|Artist: Edward Siebold (1829)|
I finally had that gynecological procedure I've been mentioning on and off for one and half years. I'll leave it at that to avoid TMI.
The crux of it is I can't lift for a while, can't even turn C. over while she's in bed, have been awfully weak and have even had a low grade fever for the past few days. Today was the first day of semi normality, thank heavens.
So parents of children like C.: Beware! All that lifting and carrying isn't only dangerous for your back. Your pelvic organs could be victims too. Nobody ever shared that secret with me until surgery was my only option.
Our Australian darling of a caregiver has left us to resume the life of a recent university graduate in her late twenties with a boyfriend from these parts. We wish her much happiness but already miss her terribly.
Her replacement as a carer for C., a kind, experienced woman of 53, is stressing me out despite her good intentions. There seems to be a communication gap since English is her second language and we don't speak a word of her first. She also seems eager to take charge even when I'm around -- but is caring and sensitive towards C. so we'll just need to iron out the kinks.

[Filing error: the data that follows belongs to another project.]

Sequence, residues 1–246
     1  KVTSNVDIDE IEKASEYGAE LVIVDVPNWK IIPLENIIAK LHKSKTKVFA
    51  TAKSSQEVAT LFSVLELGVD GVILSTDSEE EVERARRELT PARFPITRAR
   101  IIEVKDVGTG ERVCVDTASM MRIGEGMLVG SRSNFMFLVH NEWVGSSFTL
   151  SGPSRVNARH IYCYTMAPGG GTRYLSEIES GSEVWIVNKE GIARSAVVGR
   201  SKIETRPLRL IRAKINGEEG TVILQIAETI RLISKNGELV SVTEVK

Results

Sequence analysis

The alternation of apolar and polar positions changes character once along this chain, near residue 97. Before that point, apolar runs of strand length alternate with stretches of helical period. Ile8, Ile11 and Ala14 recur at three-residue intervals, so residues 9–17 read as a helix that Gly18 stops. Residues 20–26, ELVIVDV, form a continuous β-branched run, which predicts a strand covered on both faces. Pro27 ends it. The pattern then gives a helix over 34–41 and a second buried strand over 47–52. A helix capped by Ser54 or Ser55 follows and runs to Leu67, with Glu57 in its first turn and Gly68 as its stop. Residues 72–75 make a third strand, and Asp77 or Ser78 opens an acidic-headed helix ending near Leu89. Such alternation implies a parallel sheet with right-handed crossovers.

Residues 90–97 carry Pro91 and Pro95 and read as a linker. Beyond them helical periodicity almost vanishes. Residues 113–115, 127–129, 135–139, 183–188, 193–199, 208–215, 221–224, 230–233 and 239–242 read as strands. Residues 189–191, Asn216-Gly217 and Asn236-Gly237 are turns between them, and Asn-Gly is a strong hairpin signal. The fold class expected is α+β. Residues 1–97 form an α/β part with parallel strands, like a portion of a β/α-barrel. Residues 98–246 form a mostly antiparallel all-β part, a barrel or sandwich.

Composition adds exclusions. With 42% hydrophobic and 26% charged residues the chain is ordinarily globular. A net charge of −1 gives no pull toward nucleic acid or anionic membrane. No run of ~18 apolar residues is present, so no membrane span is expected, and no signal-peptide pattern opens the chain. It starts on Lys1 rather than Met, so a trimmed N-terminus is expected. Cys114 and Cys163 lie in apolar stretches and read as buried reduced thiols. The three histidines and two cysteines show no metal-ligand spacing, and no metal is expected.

Enough grumbling. We would never manage without her.
This week she and the Hubby brought C. to the gastro guy who specializes in liver diseases and who gave us some good news. "The first good news we've had about C. in twenty years" as the Hubby put it.
For starters, the gastro's report states that the "probable diagnosis" for her liver is Valproic Acid-Induced Liver Injury, although elsewhere he qualifies that by writing Valproic Acid is, in his view, the "DD (=Differential Diagnosis) with a fair suspicion of Autoimmune or Idiopathic".
So, a warning for any of you with kids on Valproic Acid: Be scrupulous about follow-ups and insist that the neurologist address any anomalies in blood test results. Also insist on tests for Ascites (there's an ultrasound to confirm and quantify that symptom) and any other fluid retention. Our neurologist had been dismissive of blood results that were red flags for our pediatrician. And she (the neurologist) never bothered to ask us about fluid retention, let alone examine C. for signs of it.
I would question one point that the gastro made in his report: "C. commenced a low salt diet and Aldectone 50 and Fusid 50 with excellent results". That's inaccurate in two ways:
- One, C. already was, and always has been, on a very-low-salt diet when her liver problems were first noticed.
- Second, the results of all that Aldectone and Fusid (both forms of diuretic) were not as he described them. Unless you call rendering C. gaunt, seriously dehydrated and requiring IV fluids in the ER "excellent results".
We did that, and she expressed surprise at the gastro's advice because this drug is known to pose liver risk. That, along with the info my daughter in law the clinical pharmacologist gave us, that Baclofen can exacerbate seizures - has left us in a quandary.
If any of you have ever given your children Baclofen, I'd appreciate hearing what results you saw.